Cash is still king even as digital payments are set to rise, according to PayPal's CTO
Despite the prevalence of digital payments, most companies in that sector are still competing with cash, according to Sri Shivananda, chief technology officer at PayPal.
People still prefer cash because it's easier than either obtaining a credit card or using a digital payments platform in many places.
There are three things that payments companies must do to convince people to make the jump from using cash to digital payments, according to Shivananda.
Cash still matters, and it won't go away anytime soon, according to the chief technology officer at PayPal.
Many companies are trying to create a digital payments economy, but they face stiff competition from regular currencies, according to Sri Shivananda, senior vice president and chief technology officer at PayPal.
"The competition is cash," Shivananda told CNBC in an interview last month. "It's not even, like, you're fighting for each other's volumes. It's actually cash."
Cash is still king in the digital era
"Reports of the death of cash have been greatly exaggerated," San Francisco Fed President John Williams wrote in a blog post. "In most countries, demand for notes and coins is strong and shows no signs of slowing down."
Economic factors, fluctuating interest rates and even natural disasters can cause demand for dollars to increase. Around the world, the dollar is seen as a safe currency to hold at times of political and economic turmoil.
But cash of all kinds is growing, not just dollars. Williams found that in 40 of 42 major economies -- from Europe and Asia to Latin America and the United States -- the growth of cash circulation outpaced economic growth over the last 10 years.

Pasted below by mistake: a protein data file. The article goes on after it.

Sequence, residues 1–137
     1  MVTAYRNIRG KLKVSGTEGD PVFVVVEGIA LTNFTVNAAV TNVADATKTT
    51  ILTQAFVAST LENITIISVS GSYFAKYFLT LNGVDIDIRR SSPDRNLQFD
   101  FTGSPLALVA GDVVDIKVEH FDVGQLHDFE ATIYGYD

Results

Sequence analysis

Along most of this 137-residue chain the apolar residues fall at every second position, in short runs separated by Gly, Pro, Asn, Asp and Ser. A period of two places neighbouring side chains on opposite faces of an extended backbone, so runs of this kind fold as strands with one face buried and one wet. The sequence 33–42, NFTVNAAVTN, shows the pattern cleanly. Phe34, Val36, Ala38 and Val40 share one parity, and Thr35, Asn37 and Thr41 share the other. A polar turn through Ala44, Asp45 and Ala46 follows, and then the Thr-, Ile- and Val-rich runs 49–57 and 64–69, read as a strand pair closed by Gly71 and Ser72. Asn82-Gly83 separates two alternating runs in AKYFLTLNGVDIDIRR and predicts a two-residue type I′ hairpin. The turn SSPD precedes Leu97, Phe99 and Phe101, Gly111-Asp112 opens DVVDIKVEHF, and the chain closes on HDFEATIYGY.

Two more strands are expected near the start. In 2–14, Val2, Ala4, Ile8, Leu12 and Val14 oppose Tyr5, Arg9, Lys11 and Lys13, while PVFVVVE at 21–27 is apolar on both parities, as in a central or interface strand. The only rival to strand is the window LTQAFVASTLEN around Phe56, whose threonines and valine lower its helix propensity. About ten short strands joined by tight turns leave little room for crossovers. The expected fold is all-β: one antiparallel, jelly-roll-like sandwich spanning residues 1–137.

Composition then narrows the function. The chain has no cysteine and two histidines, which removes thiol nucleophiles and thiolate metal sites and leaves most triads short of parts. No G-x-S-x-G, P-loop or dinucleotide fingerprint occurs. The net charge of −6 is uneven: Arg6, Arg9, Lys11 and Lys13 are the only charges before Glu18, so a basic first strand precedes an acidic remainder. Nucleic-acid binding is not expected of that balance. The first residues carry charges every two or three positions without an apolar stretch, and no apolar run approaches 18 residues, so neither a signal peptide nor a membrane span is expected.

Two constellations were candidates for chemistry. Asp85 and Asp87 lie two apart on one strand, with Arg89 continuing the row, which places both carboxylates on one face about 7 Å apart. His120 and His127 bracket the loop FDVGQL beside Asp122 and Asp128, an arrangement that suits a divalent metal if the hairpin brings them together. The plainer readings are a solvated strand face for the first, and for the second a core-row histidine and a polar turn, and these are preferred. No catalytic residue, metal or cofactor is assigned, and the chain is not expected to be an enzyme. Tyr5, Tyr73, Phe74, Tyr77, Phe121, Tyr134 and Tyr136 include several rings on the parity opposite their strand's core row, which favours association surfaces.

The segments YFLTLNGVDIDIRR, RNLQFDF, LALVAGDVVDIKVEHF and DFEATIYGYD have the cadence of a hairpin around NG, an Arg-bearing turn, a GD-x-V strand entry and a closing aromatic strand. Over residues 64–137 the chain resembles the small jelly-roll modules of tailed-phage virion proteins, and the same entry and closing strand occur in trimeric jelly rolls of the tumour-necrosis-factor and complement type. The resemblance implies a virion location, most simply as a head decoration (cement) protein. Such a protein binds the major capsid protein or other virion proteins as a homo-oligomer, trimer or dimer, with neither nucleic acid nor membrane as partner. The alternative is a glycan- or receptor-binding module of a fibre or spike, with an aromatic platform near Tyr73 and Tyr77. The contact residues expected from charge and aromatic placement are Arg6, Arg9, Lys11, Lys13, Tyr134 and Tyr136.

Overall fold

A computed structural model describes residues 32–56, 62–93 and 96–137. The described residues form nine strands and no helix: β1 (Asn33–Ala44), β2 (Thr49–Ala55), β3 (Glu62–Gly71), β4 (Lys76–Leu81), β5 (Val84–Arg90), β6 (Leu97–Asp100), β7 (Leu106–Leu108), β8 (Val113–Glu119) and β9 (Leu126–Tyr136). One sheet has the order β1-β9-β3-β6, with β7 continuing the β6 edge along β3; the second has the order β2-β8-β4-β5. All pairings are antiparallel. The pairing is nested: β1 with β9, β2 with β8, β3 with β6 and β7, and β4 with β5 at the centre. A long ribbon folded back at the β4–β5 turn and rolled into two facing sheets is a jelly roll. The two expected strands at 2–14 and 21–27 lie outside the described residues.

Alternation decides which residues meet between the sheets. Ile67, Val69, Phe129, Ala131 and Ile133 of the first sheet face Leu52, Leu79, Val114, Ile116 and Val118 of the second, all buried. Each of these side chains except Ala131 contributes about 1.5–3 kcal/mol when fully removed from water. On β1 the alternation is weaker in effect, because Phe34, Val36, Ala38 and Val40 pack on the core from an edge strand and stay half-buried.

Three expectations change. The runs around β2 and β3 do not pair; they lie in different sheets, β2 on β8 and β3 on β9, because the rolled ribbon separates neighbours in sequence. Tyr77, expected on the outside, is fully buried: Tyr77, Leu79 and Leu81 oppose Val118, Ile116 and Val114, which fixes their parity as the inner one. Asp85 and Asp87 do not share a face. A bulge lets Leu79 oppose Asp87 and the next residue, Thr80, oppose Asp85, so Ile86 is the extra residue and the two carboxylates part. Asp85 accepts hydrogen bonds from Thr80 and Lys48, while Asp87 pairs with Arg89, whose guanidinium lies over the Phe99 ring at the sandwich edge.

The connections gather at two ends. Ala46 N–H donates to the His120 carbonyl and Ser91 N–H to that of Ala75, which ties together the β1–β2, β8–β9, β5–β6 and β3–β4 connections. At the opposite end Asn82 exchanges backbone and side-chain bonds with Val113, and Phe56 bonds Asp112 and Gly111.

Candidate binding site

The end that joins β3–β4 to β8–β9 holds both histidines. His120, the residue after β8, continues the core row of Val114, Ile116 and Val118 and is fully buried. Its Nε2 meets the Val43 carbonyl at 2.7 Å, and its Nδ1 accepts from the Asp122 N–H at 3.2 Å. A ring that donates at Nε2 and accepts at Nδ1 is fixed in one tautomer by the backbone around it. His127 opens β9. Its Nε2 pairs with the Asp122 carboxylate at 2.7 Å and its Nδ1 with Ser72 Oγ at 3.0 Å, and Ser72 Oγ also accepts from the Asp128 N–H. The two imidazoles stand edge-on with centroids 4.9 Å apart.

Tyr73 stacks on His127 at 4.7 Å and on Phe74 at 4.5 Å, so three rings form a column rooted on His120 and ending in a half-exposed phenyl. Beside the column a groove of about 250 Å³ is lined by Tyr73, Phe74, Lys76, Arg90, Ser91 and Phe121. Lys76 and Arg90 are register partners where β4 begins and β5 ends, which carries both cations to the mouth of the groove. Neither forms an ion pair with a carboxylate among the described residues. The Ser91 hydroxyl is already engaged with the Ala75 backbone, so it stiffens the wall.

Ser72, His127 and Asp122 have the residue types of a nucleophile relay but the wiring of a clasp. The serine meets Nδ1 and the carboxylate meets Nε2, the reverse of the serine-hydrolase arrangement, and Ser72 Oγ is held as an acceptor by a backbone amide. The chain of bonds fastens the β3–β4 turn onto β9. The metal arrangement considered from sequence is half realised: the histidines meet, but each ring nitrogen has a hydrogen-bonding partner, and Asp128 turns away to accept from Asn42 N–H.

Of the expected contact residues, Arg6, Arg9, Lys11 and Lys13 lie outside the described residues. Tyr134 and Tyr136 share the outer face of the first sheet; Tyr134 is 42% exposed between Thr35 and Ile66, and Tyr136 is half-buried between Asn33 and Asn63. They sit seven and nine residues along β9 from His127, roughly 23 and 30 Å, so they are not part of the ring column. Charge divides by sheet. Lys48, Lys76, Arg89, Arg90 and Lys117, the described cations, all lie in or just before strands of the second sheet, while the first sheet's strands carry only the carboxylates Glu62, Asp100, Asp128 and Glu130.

The San Francisco Fed's findings are backed up by the private sector. Today, 83% of global transactions are in cash, according to Western Union, the payment transfer service.
South-East Asia: cash comes to the rescue of e-commerce
According to the State of e-Commerce in Southeast Asia 2017 White Paper, published by online shopping aggregator iPrice, cash is an important part of the online payments mix in South East Asia.
The report states that Cash on Delivery is offered by more than 80% of the players in both Vietnam and the Philippines. In Thailand, it is available at over 50% or e-tailers and in Indonesia over 40%.
Interestingly, in markets with high credit card penetration such as Singapore or Malaysia, almost 20% of online stores offer Cash on Delivery.
2017 has been a vital year for eCommerce in Southeast Asia, with Gross Merchandise Value of first-hand goods exceding $10B, up from $5.5B in 2015, with a 41% Compound Annual Growth Rate (CAGR) over the past couple of years, as per Google-Temasek’s eConomoy Spotlight SEA Spotlight 2017 report. Behind these figures, there are thousands of eCommerce players of all shapes and sizes, operating across the region in very different market conditions.